While avoiding legal risk is far from the only benefit of having an accessible website, it is one that can instill the greatest sense of urgency for company’s websites to comply with accessibility standards. For companies not committed to delivering an inclusive experience for all users, it’s no longer a question of if they will be sued, but when. At stake is whether everyone should be included in the digital economy, regardless of limitations, and regardless of whether the transition to accessible websites is challenging or costly for businesses.


And of course, there are barriers to building accessible sites. Organizations cite challenges around budgeting, development skills, and compliance monitoring as barriers to delivering accessible web designs. But in the years ahead, stronger enforcement will push brands to overcome these challenges. In fact, according to The State of Digital Accessibility 2019 report, 55% of survey participants said they are accelerating their accessibility plans due to the current litigation trends.When fostering conversations about website accessibility at your company, it is this risk that will propel this conversation forwards, as mitigating risk is a motive that everyone can get behind.

Be a First Mover on Accessibility


If there's one thing every company wants to be in 2020, it's "innovative". There is an intrinsic drive across industries for companies to be able to differentiate themselves from their competitors.

Companies can still claim first mover status in fully embracing inclusive website design. By doing so they will be able to leverage accessibility and inclusive design as a competitive advantage, as they prove that they are committed to being inclusive of those with disabilities. We’re not just talking about meeting requirements: these are companies will need to go above and beyond to build accessible experiences. Not Impossible Labs is a great example of a company that built a radically accessible website to be inclusive of those with a wide range of disabilities.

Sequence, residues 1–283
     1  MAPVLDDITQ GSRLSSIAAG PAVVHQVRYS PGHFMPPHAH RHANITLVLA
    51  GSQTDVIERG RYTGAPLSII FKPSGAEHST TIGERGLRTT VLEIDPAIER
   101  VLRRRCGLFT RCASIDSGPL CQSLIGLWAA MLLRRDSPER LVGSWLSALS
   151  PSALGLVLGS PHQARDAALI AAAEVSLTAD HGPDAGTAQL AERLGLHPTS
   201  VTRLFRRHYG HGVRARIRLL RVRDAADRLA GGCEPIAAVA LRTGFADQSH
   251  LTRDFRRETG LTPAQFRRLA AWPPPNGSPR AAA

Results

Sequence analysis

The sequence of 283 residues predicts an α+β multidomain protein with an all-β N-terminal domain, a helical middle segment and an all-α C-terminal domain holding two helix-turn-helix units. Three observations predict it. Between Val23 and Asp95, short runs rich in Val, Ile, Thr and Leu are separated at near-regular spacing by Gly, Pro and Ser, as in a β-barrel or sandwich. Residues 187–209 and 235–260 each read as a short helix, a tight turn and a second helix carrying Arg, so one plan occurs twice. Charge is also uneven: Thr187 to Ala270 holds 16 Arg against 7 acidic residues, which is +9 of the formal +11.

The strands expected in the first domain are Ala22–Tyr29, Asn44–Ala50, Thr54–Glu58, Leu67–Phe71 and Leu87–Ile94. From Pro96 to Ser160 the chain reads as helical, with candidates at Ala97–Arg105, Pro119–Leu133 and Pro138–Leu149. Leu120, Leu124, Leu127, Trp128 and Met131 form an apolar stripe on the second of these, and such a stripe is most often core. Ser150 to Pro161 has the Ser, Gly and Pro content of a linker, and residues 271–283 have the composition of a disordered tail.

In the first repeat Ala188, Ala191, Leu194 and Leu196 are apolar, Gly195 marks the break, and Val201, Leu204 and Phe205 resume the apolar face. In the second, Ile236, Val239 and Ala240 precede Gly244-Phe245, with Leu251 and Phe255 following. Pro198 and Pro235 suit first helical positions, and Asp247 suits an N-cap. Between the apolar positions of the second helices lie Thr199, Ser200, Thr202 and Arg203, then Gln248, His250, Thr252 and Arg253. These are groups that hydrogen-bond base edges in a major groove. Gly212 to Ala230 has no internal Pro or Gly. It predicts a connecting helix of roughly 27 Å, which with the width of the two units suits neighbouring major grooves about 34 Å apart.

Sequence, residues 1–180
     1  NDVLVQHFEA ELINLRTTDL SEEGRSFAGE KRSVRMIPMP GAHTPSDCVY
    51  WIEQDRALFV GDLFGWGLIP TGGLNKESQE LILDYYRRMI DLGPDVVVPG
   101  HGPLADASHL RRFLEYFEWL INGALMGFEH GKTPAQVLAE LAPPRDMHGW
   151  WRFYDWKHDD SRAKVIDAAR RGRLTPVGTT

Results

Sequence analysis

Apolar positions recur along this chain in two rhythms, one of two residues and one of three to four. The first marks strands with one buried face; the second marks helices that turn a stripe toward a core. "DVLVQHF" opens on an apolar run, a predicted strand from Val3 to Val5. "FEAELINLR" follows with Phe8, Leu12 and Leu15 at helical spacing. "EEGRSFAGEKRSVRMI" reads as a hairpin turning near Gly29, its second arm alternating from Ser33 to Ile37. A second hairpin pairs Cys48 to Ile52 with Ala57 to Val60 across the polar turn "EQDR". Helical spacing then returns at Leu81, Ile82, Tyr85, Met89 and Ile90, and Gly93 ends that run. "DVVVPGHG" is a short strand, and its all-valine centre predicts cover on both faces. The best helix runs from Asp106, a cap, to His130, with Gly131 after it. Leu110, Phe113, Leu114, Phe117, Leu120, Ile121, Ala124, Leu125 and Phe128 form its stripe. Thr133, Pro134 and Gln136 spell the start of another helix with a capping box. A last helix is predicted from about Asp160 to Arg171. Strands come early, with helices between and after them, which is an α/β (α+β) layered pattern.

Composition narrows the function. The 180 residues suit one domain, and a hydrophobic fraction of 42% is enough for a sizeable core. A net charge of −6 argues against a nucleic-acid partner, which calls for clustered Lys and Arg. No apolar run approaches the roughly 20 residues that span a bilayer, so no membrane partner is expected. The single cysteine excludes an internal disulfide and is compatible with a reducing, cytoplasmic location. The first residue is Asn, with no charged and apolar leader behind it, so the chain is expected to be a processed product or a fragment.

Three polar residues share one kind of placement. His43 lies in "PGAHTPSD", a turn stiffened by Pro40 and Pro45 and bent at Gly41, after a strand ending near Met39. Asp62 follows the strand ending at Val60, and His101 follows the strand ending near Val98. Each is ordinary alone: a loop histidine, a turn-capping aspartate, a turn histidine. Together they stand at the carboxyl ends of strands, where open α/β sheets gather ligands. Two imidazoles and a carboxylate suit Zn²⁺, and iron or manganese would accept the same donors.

Organizations that can prioritize accessibility are more likely to be innovative, inclusive enterprises that reach more people with positive brand messaging that meets emerging global legal requirements.

Forward-thinking companies will have to dramatically rethink their institutional approach to accessibility in order to manage risk and stay ahead of change. Companies that strive only to keep pace with current standards will find themselves in a constant, and costly, state of transition if they do not embrace a more holistic approach to inclusivity.


Looking forward we expect most organizations to embrace the business advantage of inclusive design. We will see large-scale adoption of universal accessibility as a core value of many leading companies, and regulatory standards as the starting point, not the finish line. Want to take a deeper dive into what's down the line for accessibility? Download our whitepaper “NECXT: The Future of Accessibility” to learn more.